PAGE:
Calais “Jungle” camp only a symptom of larger refugee crisis
By: Ken Kellar
The demolition of the refugee camp known as “the Jungle” began in the north of France today as countries throughout the European Union struggle to cope with the flood of migrants and refugees searching for security and safety.
French authorities began the eviction yesterday of about 7,000 people from the makeshift camp in Calais, France, handing out flyers and comic strips detailing how to request asylum in the country. The demolition of the camp is expected to last all week as workers tear down the crude shacks and tents some people have been living in since last year.
French authorities have published a comic strip as a way to explain to migrants what happens once they leave Calais and claim asylum pic.twitter.com/l7dAfwLYKB
— Thomas Daigle (@thomasdaigle) October 24, 2016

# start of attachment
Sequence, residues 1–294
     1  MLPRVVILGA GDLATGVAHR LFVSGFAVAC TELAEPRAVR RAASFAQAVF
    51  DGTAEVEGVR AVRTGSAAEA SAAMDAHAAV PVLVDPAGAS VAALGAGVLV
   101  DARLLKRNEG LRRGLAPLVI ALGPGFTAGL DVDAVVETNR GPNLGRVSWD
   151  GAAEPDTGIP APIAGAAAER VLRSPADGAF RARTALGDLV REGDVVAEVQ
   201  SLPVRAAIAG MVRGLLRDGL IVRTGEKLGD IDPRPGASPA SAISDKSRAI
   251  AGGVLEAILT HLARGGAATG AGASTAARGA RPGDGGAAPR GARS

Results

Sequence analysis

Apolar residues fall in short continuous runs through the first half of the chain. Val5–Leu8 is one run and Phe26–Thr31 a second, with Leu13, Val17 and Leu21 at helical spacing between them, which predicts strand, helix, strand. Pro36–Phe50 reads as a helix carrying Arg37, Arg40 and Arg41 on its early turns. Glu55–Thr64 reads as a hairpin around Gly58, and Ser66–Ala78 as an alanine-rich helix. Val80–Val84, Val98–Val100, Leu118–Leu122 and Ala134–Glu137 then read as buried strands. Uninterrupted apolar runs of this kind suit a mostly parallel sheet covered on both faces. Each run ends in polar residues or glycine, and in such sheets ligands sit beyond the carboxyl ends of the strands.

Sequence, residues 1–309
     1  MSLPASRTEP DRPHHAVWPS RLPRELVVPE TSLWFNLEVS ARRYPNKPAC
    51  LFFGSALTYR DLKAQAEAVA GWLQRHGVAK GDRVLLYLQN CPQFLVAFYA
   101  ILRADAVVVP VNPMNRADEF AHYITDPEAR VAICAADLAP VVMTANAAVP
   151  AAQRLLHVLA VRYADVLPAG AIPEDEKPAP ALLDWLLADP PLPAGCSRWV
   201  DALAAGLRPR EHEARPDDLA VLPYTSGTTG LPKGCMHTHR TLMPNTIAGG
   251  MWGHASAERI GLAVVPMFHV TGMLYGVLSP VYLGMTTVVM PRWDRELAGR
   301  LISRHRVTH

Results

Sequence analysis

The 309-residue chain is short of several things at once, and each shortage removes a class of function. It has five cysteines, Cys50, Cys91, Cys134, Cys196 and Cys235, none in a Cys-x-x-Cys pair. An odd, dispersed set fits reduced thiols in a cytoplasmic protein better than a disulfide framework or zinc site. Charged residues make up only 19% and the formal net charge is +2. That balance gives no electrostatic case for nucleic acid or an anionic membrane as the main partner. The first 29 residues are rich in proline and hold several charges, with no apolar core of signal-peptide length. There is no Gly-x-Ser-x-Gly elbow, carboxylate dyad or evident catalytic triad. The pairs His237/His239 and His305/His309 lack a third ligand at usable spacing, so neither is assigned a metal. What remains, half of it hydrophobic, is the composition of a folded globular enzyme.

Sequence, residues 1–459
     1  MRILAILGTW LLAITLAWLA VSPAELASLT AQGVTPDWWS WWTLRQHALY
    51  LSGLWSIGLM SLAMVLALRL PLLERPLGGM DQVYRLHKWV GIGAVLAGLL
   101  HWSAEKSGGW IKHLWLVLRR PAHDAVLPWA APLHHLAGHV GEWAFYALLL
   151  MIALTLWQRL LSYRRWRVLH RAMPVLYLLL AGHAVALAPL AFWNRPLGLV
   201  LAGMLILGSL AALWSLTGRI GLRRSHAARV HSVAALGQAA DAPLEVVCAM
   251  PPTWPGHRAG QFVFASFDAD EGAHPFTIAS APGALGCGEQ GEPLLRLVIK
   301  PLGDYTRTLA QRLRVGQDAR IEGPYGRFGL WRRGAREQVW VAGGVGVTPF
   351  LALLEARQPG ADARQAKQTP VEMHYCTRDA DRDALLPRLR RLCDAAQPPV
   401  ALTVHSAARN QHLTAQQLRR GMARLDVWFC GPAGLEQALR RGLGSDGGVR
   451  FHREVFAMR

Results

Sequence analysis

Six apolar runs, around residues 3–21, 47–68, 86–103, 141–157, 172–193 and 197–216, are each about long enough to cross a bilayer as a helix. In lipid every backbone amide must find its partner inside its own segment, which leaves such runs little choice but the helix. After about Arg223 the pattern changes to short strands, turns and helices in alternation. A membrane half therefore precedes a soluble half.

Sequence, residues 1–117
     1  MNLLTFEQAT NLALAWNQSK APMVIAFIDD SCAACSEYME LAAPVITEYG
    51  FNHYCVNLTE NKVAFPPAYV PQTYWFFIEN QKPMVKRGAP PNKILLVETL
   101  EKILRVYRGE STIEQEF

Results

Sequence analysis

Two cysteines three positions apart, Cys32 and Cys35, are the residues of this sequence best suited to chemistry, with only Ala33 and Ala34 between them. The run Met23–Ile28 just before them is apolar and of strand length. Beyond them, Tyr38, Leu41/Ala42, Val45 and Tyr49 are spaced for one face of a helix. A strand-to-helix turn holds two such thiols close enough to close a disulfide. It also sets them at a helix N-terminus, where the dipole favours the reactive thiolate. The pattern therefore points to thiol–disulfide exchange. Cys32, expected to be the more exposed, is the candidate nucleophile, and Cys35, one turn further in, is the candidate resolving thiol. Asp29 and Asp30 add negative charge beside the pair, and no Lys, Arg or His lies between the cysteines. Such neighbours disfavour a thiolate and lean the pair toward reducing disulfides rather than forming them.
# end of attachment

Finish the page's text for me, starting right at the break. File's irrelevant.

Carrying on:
Refugees from the jungle are being relocated throughout the country to reception centres to assist in processing requests for asylum.
The goal of many who had camped so close to the tunnel entrance that bridges France to Britain was to seek entrance to the United Kingdom, which is believed to have greater job opportunities for illegal immigrants, but the British Government is currently only taking unaccompanied minors who claim to have family ties to people who are already living in the country.
Calais has become the most visible symptom of a crisis that has been raging across much of Europe since 2015. Millions of people, an overwhelming number of them from Syria and Afghanistan, are fleeing from the conflicts in their home countries.
The Google map embedded in this story provides a small glimpse at where these people are coming from, what they’re fleeing from, and where they’re going.